Naval History and Heritage Command

Naval History and Heritage Command

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The Constitution Gun Deck

Naval Historical Center, 1983

 


090915-N-9824T-227:  USS Constitution, 2009.  Seaman Sarah Rickett, assigned to USS Constitution, demonstrates how Sailors in the past would prepare a cannon for firing. The gun drill demonstration by the Constitution crew was one of many Navy events scheduled during York Navy Week, one of 21 Navy Weeks planned across America in 2009. Navy Week is designed to show Americans the investment they have made in their Navy and increase awareness in metropolitan areas that do not have a significant Navy presence. Photographed by MC2 Devin Thorpe.  Official U.S. Navy Photograph.

Seaman Sarah Rickett, assigned to USS Constitution, demonstrates how Sailors in the past would prepare a cannon for firing. The gun drill demonstration by the Constitution crew was one of many Navy events scheduled during the New York Navy Week, one of 21 Navy Weeks planned across America in 2009. Photographed by MC2 Devin Thorpe (Official U.S. Navy Photograph/090915-N-9824T-227).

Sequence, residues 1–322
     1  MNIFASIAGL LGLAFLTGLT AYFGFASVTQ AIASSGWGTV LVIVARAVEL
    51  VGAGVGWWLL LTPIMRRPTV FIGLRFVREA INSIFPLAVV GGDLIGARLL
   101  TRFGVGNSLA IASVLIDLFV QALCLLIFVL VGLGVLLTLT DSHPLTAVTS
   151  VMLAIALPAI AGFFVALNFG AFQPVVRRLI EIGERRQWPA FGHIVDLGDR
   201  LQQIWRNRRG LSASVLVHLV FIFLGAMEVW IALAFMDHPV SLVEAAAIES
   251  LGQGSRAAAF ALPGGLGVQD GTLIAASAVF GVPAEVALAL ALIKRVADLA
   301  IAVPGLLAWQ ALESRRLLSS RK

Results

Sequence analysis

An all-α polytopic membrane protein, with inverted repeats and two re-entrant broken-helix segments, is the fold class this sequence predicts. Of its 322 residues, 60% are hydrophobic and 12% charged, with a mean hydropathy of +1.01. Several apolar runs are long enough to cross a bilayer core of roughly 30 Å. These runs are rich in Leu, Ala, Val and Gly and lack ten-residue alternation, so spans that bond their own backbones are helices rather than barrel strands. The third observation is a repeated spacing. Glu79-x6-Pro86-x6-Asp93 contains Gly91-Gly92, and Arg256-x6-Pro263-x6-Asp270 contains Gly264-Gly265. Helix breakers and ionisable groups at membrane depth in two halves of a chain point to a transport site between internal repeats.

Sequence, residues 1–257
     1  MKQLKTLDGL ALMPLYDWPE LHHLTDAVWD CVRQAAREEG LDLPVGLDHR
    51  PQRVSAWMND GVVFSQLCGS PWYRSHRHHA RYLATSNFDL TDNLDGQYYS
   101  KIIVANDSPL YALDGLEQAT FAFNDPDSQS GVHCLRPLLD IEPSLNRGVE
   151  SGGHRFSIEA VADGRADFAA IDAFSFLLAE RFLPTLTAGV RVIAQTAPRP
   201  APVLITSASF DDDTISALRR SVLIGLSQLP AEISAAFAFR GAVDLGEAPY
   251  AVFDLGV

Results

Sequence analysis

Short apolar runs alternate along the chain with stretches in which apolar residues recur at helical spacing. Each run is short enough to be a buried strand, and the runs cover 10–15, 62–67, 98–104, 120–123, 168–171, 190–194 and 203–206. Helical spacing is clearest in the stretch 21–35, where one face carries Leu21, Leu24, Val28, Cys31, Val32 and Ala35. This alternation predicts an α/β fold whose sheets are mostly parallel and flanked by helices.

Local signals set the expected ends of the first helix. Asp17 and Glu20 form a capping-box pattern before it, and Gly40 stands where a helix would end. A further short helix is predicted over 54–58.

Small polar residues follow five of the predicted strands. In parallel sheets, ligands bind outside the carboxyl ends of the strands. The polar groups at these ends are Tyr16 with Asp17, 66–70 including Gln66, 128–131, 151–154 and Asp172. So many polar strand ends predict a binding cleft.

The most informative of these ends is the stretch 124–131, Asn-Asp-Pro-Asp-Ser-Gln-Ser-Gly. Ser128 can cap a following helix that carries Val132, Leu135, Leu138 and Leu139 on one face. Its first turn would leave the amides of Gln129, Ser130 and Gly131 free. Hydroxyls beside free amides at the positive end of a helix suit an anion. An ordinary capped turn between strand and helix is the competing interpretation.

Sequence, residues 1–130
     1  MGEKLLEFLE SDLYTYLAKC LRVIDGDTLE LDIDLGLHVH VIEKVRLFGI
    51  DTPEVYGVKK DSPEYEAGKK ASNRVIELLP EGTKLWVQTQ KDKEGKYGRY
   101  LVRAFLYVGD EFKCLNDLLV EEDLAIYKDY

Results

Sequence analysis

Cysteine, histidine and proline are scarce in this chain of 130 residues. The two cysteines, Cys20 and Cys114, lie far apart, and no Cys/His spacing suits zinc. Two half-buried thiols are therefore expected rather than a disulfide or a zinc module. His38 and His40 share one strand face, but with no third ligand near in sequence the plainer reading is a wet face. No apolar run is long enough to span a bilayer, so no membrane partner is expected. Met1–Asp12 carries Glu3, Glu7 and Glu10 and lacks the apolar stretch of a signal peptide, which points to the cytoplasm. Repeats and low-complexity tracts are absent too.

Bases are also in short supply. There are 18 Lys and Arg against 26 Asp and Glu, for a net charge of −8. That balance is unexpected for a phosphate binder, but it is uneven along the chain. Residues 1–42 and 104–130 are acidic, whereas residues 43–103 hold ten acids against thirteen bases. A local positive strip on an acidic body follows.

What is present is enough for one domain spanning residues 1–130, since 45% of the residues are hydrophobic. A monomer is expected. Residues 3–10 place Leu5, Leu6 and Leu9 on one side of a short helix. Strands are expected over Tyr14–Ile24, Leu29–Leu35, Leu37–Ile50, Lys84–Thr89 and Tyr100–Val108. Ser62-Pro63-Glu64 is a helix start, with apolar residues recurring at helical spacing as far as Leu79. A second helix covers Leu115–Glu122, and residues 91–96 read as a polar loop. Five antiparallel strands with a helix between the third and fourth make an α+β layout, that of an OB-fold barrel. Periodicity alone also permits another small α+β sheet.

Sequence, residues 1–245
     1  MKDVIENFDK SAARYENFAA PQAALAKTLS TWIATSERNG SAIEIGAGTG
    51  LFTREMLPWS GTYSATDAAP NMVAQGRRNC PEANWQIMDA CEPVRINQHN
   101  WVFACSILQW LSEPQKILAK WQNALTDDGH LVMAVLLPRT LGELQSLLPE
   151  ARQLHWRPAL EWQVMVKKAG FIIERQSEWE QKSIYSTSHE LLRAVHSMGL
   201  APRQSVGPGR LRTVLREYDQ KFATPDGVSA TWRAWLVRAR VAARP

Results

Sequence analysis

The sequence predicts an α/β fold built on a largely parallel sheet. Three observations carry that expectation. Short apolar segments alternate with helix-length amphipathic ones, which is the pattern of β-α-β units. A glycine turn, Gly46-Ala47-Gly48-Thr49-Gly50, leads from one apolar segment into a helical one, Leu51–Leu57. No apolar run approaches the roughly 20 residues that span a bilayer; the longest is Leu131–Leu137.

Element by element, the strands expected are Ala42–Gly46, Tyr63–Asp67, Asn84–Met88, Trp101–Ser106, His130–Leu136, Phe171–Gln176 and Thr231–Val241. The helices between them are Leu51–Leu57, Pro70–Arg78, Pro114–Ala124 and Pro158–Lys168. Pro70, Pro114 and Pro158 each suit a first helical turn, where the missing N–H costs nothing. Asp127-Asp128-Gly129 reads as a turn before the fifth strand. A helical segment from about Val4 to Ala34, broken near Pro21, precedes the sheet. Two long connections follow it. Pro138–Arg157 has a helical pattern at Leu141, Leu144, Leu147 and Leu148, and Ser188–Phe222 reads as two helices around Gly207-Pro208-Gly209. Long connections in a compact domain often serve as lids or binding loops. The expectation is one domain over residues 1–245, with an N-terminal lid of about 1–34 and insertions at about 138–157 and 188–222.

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From the text:

"We are accustomed to measuring the strength of a navy in terms of many different types of ships and weapons. The seagoing fleets of 1812 were all made up of wooden sailing ships which might differ in size and function but were all, basically, 'sisters under the skin.' They dealt in one weapon, the gun, and it was in terms of guns that a warship's size and power were measured. The bigger a ship, the more guns she could carry and, of equal importance, the heavier the guns she could use. Where a small ship might be armed with 6-pounders (guns which threw a 6-pound shot), a large ship-of-the-line, the battleship of her day, mounted guns firing shot of as much as 32 pounds in weight. Constitution falls into the upper middle of this spectrum of warship size. For her time, she was the equivalent of a large modern cruiser, armed with heavy ordnance."

 
Published: Mon Jan 04 16:43:21 EST 2021